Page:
Glutathione is a protein that is produced naturally in the body. As a tripeptide it encompasses three amino–acids, namely L-cysteine, L-glutamic and glycine in most of the animal species and also in plants. As such, glutathione is synthesized by all normal cells from the three amino-acid components. Despite being a non-essential nutrient reduced levels can occur in immunocompromised states hence necessitating supplementation. Also, although glutathione is found in all cells, the highest concentration is found in the liver that also acts as a storage site for glutathione. Glutathione exists in main two forms, the reduced form known as L-glutathione (GSH) and oxidized form (GSSH). L-glutathione forms the largest percentage of the total glutathione pool in the body, reaching up to 90 %. Glutathione has three crucial functions; it functions as an antioxidant, immunosupportive function and detoxification function. Glutathione levels tend to get depleted with age.
Glutathione is one of the antioxidants that is manufactured by the body. It the most abundant cellular thiol. Glutathione functions as a water-soluble antioxidant when it counteracts oxidative attack by free radicals. Specifically it neutralizes toxic peroxides such as hydrogen peroxide. It normally exists in the reduced form (GSH) which readily receives reactive radicals and is reduced to (GSSG) within the cells. Even in the oxidized state glutathione has the ability to non-enzymatic ally reduce free radical species and reactive oxygen and nitrite compounds by acting as a substrate for conjugation and reduction courtesy of the thiol group of the cysteine amino acid. It is commonly referred to as the “master antioxidant” as other antioxidants depend on it to function properly. Glutathione also functions as a cofactor. It potentiates the action of glutathione peroxidase that is also an antioxidant. It also helps maintain the levels of ascorbate and tocopherol through its reducing properties.
Glutathione plays an immunosupportive role. The healthy growth and activity of immune cells is dependent on glutathione. Glutathione enhances the immune system by stimulating the body to produce more white blood cells which are the main components of the immune system. Another immune function is that glutathione is necessary for maintaining immune mediated T-cell activation and the process of phagocytosis through which macrophages take up and eliminate foreign organisms from the body. Additionally, it helps maintain balance between various T-helper cells such as IL-2, IL-12 and gamma-interferon, IL-6, IL-4 to maintain an effective cytokine response profile.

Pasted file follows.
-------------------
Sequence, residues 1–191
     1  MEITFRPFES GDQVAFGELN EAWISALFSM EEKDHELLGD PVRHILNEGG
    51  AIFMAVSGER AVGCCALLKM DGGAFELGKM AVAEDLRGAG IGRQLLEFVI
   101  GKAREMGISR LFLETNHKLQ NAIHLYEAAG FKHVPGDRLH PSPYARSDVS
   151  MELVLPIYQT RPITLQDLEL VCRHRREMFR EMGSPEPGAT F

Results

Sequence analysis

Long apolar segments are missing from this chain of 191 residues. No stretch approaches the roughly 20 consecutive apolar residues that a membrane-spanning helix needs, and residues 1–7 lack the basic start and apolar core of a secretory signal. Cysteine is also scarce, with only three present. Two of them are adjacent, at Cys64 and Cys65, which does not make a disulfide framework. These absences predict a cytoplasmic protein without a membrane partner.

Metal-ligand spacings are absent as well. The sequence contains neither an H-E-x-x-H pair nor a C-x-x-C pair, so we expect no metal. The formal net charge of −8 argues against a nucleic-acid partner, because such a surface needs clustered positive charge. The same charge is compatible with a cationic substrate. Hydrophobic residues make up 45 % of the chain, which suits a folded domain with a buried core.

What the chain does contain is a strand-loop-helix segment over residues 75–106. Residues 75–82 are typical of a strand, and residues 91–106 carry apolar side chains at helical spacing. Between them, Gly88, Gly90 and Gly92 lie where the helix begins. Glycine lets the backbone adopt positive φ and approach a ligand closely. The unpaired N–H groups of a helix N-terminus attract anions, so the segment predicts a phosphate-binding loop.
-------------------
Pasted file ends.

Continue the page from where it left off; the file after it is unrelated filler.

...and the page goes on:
Glutathione also maintains skin health. It lowers melanin production by inhibiting tyrosinase activity and increasing the levels if colorless pheromelanin, that is responsible for the bright skin. This has a therapeutic function for the skin as it helps remove any form of hyperpigmentation such as dark spots or pimple marks leaving the skin soft and supple. The antioxidation property also helps prevents aging by making the skin smooth, fresh and radiant. The fact that glutathione also enhances the healing of wounds prevents skin scarring that can occur as a result of sun burn.
Additionally, glutathione has a role in detoxification function. It is directly involved in the specific detoxification reactions that protect the body against the toxins. Glutathione that is highly concentrated in the liver also removes toxins that circulate in the body thus preventing damage to the body cells. According to research low glutathione levels induces poor liver function hence paralyzing its detoxification function.
Lastly, glutathione takes part in the DNA synthesis and repair as well as protein synthesis hence facilitating growth and development. It also influences male fertility by determining the quality of sperms produced. The most effective way of increasing depleted glutathione levels in the body is to ingest its precursor, such as N-Acetyl-Cysteine (NAC). Additionally one should maintain a healthy balanced diet and engage in regular exercise (L-glutathione. (n.d.).
Source of L-Glutathione
Source of L-Glutathione: Japan
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